Four of the last five 770-ton River-class steel-hulled minesweepers remaining in British Royal Navy service were converted in 1994 for duties as patrol vessels in Northern Ireland waters. Portable sweep gear and winches were removed and replaced with davits to handle two rigid-inflatable inspection boats. The quartet—the Itchen, Blackwater, Arun, and Spey—now have been sold to Brazil, which has altered its original plan to use two as survey ships and two as buoy tenders and is instead commissioning them as seagoing patrol ships to replace the declining numbers in its Imperial Marinheiro class. The renamed Bracui (ex-Itchen), seen here en route to Brazil in May, retains the old 40-mm Mk 3 Bofors gun forward, distinguishing her from three other Rivers bought earlier by Brazil and now used for auxiliary duties. The other three destined for patrol service are being renamed Bocaina, Benevente, and Babitonga, names once borne by U.S. destroyer escorts transferred to Brazil during World War II.
Replacing the Rivers in Northern Ireland waters are 4 of the 13 Hunt-class 725-ton, glass-reinforced plastic-hulled mine countermeasures ships—again with mine countermeasures gear removed but with hydraulic cranes added to handle two inspection boats. Seen here with her pendant number painted out (standard practice for Northern Ireland patrol units) is the Dulverton; the Cottesmore, Brecon, and Middleton have been similarly altered. Ten of the Hunt class, once planned for a major modernization, are to receive only a "Hunt Minimum Update" after 2000, with a new wideband minehunting sonar and updates to the influence sweep arrays. With the commissioning of the Penzance on 14 May, six of the smaller Sandown class pure mine hunters also now have entered service.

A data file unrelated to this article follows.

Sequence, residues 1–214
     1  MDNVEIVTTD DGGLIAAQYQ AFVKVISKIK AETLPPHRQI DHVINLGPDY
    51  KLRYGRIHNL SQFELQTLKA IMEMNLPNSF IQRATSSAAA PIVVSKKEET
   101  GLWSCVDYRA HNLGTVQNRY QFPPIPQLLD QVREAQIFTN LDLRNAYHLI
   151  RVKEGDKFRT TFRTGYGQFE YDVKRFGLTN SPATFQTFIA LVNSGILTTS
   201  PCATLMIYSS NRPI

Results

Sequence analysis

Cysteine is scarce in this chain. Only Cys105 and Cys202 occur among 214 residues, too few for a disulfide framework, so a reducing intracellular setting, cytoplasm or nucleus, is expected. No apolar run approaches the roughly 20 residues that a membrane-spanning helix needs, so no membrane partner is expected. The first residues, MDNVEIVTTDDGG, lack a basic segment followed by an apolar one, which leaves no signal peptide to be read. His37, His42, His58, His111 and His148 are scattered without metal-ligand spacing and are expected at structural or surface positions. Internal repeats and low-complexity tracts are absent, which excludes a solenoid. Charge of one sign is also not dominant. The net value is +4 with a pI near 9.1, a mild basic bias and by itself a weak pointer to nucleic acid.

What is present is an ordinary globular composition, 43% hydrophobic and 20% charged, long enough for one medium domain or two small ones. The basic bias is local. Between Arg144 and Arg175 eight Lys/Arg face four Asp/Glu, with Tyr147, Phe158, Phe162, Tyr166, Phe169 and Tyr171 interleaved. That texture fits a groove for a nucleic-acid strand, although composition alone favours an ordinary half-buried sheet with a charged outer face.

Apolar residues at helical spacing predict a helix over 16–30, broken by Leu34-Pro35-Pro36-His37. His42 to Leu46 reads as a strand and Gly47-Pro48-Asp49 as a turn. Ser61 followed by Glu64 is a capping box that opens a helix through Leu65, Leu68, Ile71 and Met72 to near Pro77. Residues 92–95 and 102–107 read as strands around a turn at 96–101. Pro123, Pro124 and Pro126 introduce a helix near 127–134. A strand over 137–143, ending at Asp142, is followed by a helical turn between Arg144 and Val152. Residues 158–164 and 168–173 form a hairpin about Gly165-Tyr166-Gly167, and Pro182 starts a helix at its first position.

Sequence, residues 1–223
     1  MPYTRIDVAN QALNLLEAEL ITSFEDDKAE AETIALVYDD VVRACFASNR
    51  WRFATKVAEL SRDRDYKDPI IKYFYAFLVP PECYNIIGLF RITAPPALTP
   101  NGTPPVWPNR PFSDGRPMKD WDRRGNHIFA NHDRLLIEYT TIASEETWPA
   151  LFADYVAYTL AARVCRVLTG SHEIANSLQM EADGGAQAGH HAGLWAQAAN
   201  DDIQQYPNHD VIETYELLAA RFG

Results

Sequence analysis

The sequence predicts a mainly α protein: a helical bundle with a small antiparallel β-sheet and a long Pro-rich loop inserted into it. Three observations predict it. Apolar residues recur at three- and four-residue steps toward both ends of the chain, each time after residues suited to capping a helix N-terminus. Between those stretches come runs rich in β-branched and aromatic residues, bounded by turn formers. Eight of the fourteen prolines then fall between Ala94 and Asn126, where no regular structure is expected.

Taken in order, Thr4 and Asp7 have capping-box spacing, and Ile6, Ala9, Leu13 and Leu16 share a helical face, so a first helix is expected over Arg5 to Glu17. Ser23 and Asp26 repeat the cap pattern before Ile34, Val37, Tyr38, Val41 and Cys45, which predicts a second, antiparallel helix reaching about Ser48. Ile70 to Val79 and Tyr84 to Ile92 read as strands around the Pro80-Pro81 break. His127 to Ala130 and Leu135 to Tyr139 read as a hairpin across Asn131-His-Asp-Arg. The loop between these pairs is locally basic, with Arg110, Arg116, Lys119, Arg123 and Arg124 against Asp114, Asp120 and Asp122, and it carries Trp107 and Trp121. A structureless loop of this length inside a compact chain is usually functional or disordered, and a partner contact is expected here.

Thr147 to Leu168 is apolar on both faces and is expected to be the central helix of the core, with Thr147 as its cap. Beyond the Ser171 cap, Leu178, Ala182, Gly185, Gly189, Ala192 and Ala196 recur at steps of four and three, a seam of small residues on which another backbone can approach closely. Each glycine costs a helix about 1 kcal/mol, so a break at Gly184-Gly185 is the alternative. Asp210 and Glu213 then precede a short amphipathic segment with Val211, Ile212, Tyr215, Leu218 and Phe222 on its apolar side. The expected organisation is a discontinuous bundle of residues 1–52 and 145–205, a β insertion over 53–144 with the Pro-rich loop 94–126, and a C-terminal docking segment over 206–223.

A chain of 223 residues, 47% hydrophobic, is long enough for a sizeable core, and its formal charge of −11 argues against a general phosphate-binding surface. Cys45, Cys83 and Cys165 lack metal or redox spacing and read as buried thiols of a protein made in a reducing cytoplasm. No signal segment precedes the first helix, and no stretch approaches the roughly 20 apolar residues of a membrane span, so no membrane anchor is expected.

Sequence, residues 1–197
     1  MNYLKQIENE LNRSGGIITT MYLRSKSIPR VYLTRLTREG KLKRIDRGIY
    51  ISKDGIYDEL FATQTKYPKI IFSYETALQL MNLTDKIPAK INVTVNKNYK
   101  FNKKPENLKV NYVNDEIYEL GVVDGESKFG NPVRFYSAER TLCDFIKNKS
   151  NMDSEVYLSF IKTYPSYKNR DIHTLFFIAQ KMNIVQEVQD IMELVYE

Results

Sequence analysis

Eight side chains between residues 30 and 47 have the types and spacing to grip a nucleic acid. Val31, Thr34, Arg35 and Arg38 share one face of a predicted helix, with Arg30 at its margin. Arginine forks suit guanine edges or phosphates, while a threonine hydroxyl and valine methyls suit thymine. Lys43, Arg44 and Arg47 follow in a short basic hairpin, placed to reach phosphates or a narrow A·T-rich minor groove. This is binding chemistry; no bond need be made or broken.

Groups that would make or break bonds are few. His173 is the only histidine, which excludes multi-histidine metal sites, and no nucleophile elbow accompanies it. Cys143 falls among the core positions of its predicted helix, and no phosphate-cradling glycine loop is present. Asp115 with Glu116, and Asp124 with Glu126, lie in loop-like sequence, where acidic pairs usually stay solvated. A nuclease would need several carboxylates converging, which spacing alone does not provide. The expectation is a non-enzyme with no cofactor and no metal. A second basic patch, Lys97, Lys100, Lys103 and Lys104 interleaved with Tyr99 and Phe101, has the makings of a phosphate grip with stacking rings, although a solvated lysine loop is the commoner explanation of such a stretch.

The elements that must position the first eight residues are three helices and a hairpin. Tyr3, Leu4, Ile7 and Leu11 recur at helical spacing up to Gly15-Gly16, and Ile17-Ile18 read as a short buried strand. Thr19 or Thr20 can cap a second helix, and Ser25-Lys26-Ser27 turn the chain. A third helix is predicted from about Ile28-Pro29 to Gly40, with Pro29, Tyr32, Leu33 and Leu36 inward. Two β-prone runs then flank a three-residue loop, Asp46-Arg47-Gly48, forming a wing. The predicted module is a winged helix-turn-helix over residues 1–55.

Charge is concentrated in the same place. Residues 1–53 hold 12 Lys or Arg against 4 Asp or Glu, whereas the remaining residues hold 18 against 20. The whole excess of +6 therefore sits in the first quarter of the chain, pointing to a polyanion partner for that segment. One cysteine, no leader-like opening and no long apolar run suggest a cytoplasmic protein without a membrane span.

The People's Liberation Army Navy multipurpose training ship Shichang, which visited Australia and New Zealand during May in company with the Luhu class destroyer Qingdao and the replenishment oiler Nancang, resembles a scaled-down version of the British Royal Navy's helicopter training ship Argus. Completed on 28 December 1996 at Qiuxin Shipyard, Shanghai, the 9,500-ton Shichang also has been officially described as a "national defense mobilization ship" and, in addition to her cadet navigational training duties, can act as a helicopter training ship, hospital ship, disaster relief ship, and container carrier, with space for 300 stacked 20-foot equivalent cargo containers on deck. Seen here with accommodations modules at the fore end of the two-spot helicopter deck, the 410-foot, unarmed Shichang, which has accommodations for 200 personnel, also has been sighted with modules stacked to form a helicopter hangar and flight control station.